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Home > Prevention

Identity Theft

Being a student does not safeguard you against identity theft. As a student, you may even be more vulnerable to identity theft because of the availability of your personal data. Identity thieves don't steal your money; they steal your name and reputation and use them for their own financial gain. They attempt to steal your future!

In today's electronic age, ID thieves can easily, and sometimes legally, tap into your personal information with just a click of the computer mouse. A few bits of personal data are a gold mine for information crooks looking to steal your identity. An impostor using personal information like your address, birth date, Social Security or credit card number, can acquire phony credit cards, private phone lines, siphon money from your checking or savings account, get a mortgage and even give you a criminal record.

Identity thieves may rummage through trash searching for discarded account statements, pre-approved credit card offers or credit receipts; search public records for your address, and even rob your mailbox. Thieves use this knowledge to obtain credit cards, get wireless or phone products and services, obtain loans and mortgages, get a job, and commit other types of fraudulent or even criminal acts, in your name, leaving you responsible for the consequences.

Although you are a victim, you must take action to ensure your continued personal security. Many times, you will not be held responsible for monetary losses, but you are responsible for reporting the theft/fraud to several agencies. Call the University of Minnesota Community Investigator Division at 612-624-COPS if you have any questions.

If the following items have been stolen:

  • Identification
  • Social Security Card
  • Birth Certificate
  • Passport

Immediately call the fraud units of the three major credit bureaus:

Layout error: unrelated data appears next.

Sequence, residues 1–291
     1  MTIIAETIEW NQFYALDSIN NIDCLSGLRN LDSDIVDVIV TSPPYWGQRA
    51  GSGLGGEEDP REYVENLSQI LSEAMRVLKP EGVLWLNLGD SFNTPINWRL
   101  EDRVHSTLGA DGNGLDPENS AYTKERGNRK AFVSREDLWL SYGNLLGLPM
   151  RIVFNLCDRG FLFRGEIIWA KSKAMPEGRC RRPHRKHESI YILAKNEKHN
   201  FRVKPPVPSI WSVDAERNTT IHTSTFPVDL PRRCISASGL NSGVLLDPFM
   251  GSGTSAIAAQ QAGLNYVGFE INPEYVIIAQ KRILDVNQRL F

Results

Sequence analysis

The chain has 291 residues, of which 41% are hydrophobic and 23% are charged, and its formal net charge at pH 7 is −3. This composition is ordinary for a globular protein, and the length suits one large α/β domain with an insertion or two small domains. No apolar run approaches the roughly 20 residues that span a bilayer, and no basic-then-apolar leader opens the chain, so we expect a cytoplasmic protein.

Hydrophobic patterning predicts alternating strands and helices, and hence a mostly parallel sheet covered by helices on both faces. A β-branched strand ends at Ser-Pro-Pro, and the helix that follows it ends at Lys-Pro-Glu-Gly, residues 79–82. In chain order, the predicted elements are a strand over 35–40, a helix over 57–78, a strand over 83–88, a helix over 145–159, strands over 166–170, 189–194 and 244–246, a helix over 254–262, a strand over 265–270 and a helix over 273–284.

Verbally, and later in writing, ask that your account be flagged. In addition, ask how long the fraud alert will be placed on your account and how that length of time can be extended if necessary. Be aware that taking this step may not entirely prevent fraudulent accounts from being opened. Ask each credit bureau to:

  1. Provide free copies of your account every few months so that you can monitor your credit history.
  2. Provide names and phone numbers of credit grantors with whom fraudulent accounts under your name have been opened.
  3. Remove credit inquiries that have been generated due to fraudulent access of your accounts.

Other resources for advice and information:

Fair Credit Reporting Act (FCRA)

Consumers in Minnesota can order free one credit reports every 12 months from (www.annualcreditreport.com). A credit report contains information on where you live, how you pay your bills, and whether you’ve been sued, arrested or filed for bankruptcy. If you suspect your credit has been affected by fraud, use this site to obtain a credit report or contact the three major credit bureaus listed above.

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I want to know

What should I do if my social security card is lost or stolen?

What should I do if someone has stolen my identity to get a new credit card?

What should I do if my keys are lost or stolen?

How do criminals choose which cars to break into?

What do thieves do with the property they steal?

What are criminals looking for in University buildings?

What do I do after reporting a crime?

Click here for more questions about identity theft!

 

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Identity Theft Brochure

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Last Modified: March 9, 2012
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